Solo Designs by Perry Maxwell

Dornick Hills Golf & Country Club, Ardmore, Oklahoma, 1913-23
Twin Hills Golf & Country Club, Oklahoma City, 1920-23
Duncan Golf & Country Club, Duncan, Oklahoma, 1921
Buffalo Hills Golf Club, Pawhuska, Oklahoma, 1922
Bristow Golf Club, Bristow, Oklahoma, 1923
Shawnee Country Club, Shawnee, Oklahoma, 1923
Indian Hills Country Club, Catoosa, Oklahoma, 1924
Muskogee Country Club (redesign), Muskogee, Oklahoma, 1924
Kennedy Golf Course (NLE), Tulsa, Oklahoma, 1925
Highland Park Golf Course (NLE), Tulsa, 1925
Edgemere Golf Course, Oklahoma City, 1925
Riverside Country Club, Tishomingo, Oklahoma, 1925
Hillcrest Country Club, Bartlesville, Oklahoma, 1926
Hardscrabble Country Club, Fort Smith, Arkansas, 1926
Pennsylvania Golf Club (NLE), Llarnech, Pennsylvania, 1924
Cushing Country Club, Cushing, Oklahoma, 1929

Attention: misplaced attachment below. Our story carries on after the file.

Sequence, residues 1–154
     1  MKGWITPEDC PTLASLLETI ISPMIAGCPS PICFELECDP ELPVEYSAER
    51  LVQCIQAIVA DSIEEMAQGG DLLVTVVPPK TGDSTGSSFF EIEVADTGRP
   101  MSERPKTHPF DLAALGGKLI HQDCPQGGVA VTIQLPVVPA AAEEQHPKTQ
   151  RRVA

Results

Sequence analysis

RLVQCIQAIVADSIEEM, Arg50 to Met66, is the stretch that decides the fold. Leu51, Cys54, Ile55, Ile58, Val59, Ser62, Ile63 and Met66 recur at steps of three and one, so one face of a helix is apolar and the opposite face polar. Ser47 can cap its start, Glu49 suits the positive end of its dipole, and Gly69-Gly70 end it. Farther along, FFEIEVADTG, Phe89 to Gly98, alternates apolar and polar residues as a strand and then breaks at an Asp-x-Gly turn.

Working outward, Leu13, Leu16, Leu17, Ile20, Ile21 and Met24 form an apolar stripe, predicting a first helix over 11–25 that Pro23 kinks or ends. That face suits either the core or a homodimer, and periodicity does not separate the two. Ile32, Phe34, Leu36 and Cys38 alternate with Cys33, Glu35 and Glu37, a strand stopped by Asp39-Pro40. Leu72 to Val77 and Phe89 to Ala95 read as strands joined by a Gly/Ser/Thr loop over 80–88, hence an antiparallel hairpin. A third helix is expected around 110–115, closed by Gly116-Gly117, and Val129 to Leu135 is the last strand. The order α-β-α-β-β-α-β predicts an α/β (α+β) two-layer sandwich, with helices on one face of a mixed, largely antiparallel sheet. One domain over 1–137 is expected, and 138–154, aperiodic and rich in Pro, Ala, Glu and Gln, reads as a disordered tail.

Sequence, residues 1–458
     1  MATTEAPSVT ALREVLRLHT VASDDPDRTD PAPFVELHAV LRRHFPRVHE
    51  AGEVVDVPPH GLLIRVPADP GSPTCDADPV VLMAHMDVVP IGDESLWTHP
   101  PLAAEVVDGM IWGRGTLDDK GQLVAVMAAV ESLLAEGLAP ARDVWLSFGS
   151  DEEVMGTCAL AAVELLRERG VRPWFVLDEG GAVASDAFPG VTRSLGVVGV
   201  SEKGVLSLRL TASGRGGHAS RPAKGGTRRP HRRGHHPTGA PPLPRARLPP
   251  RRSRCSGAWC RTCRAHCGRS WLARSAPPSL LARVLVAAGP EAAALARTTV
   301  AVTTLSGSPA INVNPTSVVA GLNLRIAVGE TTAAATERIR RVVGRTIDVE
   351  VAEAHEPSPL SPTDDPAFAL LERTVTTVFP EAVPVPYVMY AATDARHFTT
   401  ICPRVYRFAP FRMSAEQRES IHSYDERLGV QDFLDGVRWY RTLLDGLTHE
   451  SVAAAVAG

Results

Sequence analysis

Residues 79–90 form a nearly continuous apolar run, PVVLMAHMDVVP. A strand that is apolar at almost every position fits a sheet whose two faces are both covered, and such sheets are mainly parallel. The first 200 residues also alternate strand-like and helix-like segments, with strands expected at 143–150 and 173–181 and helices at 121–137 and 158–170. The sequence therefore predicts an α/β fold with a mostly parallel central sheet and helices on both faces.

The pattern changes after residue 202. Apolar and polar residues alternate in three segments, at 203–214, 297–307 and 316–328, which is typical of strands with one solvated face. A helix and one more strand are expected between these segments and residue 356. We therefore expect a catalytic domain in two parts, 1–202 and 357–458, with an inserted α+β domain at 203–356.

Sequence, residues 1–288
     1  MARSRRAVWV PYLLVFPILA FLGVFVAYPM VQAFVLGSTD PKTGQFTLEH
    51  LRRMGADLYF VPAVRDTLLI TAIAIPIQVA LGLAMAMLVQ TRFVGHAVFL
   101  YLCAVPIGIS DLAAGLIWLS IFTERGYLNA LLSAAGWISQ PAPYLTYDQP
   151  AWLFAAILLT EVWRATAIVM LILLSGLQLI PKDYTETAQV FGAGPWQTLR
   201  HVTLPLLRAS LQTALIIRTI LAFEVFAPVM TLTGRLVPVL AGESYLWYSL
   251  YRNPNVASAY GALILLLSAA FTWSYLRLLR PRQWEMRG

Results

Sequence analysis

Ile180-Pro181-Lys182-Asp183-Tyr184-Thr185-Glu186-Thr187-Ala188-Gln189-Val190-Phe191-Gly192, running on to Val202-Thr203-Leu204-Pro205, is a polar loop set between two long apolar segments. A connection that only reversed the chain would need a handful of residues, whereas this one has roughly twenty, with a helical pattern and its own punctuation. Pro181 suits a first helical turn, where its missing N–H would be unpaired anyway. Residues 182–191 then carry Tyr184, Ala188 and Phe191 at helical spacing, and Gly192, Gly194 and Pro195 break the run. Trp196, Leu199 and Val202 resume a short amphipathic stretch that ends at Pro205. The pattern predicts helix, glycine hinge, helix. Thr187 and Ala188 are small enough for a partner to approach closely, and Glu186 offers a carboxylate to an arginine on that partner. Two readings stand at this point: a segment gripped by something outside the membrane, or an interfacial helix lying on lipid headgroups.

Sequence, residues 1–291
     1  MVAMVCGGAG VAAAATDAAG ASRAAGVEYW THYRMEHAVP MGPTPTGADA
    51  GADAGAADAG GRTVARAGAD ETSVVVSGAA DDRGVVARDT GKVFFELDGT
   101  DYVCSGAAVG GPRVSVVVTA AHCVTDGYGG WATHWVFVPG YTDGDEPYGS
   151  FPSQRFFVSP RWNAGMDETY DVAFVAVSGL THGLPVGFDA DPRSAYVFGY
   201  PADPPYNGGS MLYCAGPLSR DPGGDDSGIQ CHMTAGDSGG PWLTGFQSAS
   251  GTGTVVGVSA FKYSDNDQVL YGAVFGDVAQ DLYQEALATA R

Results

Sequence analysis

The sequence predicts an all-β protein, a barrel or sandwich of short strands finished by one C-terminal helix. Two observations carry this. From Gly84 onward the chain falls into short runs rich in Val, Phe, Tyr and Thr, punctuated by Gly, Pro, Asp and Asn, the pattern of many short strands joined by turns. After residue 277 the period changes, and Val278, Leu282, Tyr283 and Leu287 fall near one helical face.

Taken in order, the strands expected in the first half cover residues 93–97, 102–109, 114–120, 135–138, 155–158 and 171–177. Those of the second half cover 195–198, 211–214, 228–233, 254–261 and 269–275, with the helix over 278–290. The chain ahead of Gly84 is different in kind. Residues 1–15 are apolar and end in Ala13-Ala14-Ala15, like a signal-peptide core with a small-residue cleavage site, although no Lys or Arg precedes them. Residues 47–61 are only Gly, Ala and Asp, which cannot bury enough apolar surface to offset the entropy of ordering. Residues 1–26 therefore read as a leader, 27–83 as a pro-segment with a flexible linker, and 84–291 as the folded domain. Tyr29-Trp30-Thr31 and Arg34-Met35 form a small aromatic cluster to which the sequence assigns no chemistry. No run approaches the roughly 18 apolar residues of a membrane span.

Ponca City Country Club (redesign), Ponca City, Oklahoma, 1929
Rochelle Country Club, Rochelle, Illinois, 1929
Princeton Country Club, Princeton, Kentucky, 1931
Hillcrest Golf Course, Coffeyville, Kansas, 1932
Brookside Golf Course, Oklahoma City, 1934
Mohawk Park Golf Course, Tulsa, 1934
Iowa State University Golf Course, Ames, Iowa, 1934-37
Oak Hills Golf & Country Club, Ada, Oklahoma, 1935
Southern Hills Country Club, Tulsa, 1935-36
Arkansas City Country Club, Arkansas City, Kansas, 1937
McPherson Country Club, McPherson, Kansas, 1937
Topeka Country Club (redesign), Topeka, Kansas, 1938
Blackwell Municipal Golf Course, Blackwell, Oklahoma, 1939
Mount Pleasant Country Club, Mount Pleasant, Texas, 1939
The Old Town Club, Winston-Salem, NC, 1939
Reynolds Park Golf Course, Winston-Salem, NC, 1940
Walnut Hills Golf Club (NLE), Dallas, 1940
Duke University (Never constructed), Durham, North Carolina, 1940
Gillespie Golf Club, Greensboro, North Carolina, 1941
Lawton Country Club, Lawton, Oklahoma, 1948

Co-Designed with Art Jackson

Lincoln Park Golf Course (second course), Oklahoma City, 1926

Co-Designed with John Bredemus and Marvin Leonard

Colonial Country Club, Fort Worth, Texas, 1934

Co-Designed with Alister Mackenzie